Theme discussion and sibset plotting

We're not planning on having kids for another 4 years or so (we're starting grad school) but we've had a boy name picked out for years: Hudson Taylor.  He was one of the first missionaries to bring the gospel to China.  We feel indebted to that legacy as Chinese Christians and we love the name Hudson since we're New Yorkers as well.  The problem is we have no agreement for a girl.  I feel like if we choose a powerful name like Hudson Taylor (which should be pretty recogizable in our community, he is also the founder of OMF International) we'll be stuck in a theme.  What would you do?  We want to avoid any overly religious sounding names (like Jedidiah, Levi, etc). 

Here are a list of other missionaries we admire if we do go that route:

Alice Mildred Cable, Evangeline French, Francesca French, Amy Carmichael, Isobel Kuhn, Corrie ten Boom, Elizabeth Elliott, Lillian Trasher.

We'd like to avoid any baby girl names in the top 200.  Of course we are not having kids for another few years but I like to pick out baby names.  Here's some other girl names I favorited: Louisa, Eleanor, Elodie, Talia, Lucia, Therese.

I guess more than advice on which baby names I should pick, I am looking for input on the theme.  Should we name them all after missionaries?  Should we just pick names that have strong meanings?  We're pretty sold on Hudson Taylor, he just needs a sister.  We're planning on having 2 or 3 kids.  We are not Catholic so I am not familiar with a lot of saints but I am open to that route.  Our last name sounds a lot like "learn."

Replies

1
April 16, 2012 2:07 PM

I would definitely encourage you to name daughters and any 2nd or 3rd sons after people you also admire.  I think other missionaries would be super cool.  We've named all of our kids (I have 5) after saints that we admire - the boys are New Testament evangelist/apostles.  The kids like hearing about them and knowing that they were important people.  There are a few names that hubby and I both like but without the saint connection I feel like using those names wouldn't be fair to them.  With my first couple of kids I had a list of favorites but as I've had more I've had to search a bit.  And it has actually made searching for baby names a great opportunity to learn more about awesome Christians.  We've never actually done it but dh has always wanted to do first and middle name after the same saint -- like Isaac Jogues lastname.  I'm just not so sure a kid would want to go through life with a middle name of Jogues.  (FWIW - He's a great missionary)  I think you might be in a similar boat with Trasher as a middle name.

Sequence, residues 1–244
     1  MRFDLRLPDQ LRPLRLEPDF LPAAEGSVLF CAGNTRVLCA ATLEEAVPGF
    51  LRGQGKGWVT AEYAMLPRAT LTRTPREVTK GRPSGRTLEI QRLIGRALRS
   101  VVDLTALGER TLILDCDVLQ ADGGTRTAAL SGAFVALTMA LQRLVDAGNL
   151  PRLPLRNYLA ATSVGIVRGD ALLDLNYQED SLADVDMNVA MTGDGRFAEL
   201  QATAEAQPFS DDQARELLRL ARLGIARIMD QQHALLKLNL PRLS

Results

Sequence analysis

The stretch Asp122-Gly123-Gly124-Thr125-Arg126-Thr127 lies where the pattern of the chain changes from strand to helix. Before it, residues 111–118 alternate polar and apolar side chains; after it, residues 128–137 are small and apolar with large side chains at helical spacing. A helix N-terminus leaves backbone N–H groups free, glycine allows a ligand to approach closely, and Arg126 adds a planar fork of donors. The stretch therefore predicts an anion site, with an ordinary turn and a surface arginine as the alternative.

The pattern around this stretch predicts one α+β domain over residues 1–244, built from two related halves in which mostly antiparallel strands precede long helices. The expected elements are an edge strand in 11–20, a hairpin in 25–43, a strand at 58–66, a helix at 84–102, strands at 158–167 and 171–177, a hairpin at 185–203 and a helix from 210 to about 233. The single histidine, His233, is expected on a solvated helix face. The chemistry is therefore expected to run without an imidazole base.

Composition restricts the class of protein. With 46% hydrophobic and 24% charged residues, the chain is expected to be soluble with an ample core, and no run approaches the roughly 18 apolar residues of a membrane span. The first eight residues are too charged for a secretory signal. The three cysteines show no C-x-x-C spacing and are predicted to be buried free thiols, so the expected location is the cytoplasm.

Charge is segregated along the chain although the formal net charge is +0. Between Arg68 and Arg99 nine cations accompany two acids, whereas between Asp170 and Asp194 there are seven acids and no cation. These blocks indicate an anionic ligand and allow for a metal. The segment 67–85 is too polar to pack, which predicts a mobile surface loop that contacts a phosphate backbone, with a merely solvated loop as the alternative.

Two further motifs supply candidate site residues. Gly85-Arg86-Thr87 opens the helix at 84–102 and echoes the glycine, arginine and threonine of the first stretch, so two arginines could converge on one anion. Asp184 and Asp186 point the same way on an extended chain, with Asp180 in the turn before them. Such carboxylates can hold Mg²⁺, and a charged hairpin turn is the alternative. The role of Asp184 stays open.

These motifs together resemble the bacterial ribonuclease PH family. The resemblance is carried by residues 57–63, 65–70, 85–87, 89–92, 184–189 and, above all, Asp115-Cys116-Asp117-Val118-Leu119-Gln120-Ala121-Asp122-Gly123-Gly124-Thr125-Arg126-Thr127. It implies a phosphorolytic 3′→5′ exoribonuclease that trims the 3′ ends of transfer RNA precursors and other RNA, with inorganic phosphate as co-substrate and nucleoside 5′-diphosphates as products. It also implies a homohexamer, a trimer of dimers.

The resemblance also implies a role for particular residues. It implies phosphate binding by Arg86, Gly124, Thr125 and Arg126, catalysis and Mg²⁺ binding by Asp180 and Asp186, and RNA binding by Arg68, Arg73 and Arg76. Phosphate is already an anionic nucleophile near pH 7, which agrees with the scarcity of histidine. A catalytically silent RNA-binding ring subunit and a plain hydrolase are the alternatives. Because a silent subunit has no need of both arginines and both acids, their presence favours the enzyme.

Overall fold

2
April 16, 2012 2:25 PM

hahaha yes I wouldn't give a baby the middle name Trasher. 

3
By Guest (not verified)
April 16, 2012 2:31 PM

I don't think you have to go with all missionary names.  Your theme could just be people that you and your husband admire.  Perhaps leaders or educators in your chosen fields, writers you admire, etc.  That way, you'd open yourself up to a broader list of possible names but you'd still have a connection to all of them and the children could enjoy learning about the people who inspired you.  Since kids sound like they are a few years off for you still, I'd suggest just start keeping a list of people now.  When the time comes, you can go through the list and see what appeals to you most and you could get a better idea of the popularity of each name at the time it is given.  

4
By hyz
April 16, 2012 3:38 PM

Hmm, I like Hudson Taylor a lot (as a name--not so familiar with the man), and I think you're in luck to the extent that a lot of the female missionaries you like have great names, as well.  You could certainly do worse than Evangeline or Francesca French, or Elizabeth Elliott, for example.  None of them are bad, though (except the aforementioned Trasher).  What I'd suggest, though, is loosening up a bit to maybe combine names of favorite namesakes.  Like maybe Evangeline Alice or Lillian Francesca.  The association won't be as obvious as with retaining the first and middle name of one individual, but it opens up your options and will give you the chance to tell your daughter about the TWO wonderful women who inspired her name, and I don't think that's at all "weaker" than Hudson Taylor.  And I agree with the others that you don't have to limit it to missionaries--any people who are similarly inspiring, beloved, or admired would as work well, I think.  I understand you are not Catholic, but using that as an example, using Mary/Marie/Maria etc. as a first or middle name should certainly be as great an honor as using the name of an admired missionary.  Even a mother, grandmother, etc. who is/was much beloved and maybe a religious role model would seem a suitable namesake for a sister, I think.

5
April 16, 2012 3:44 PM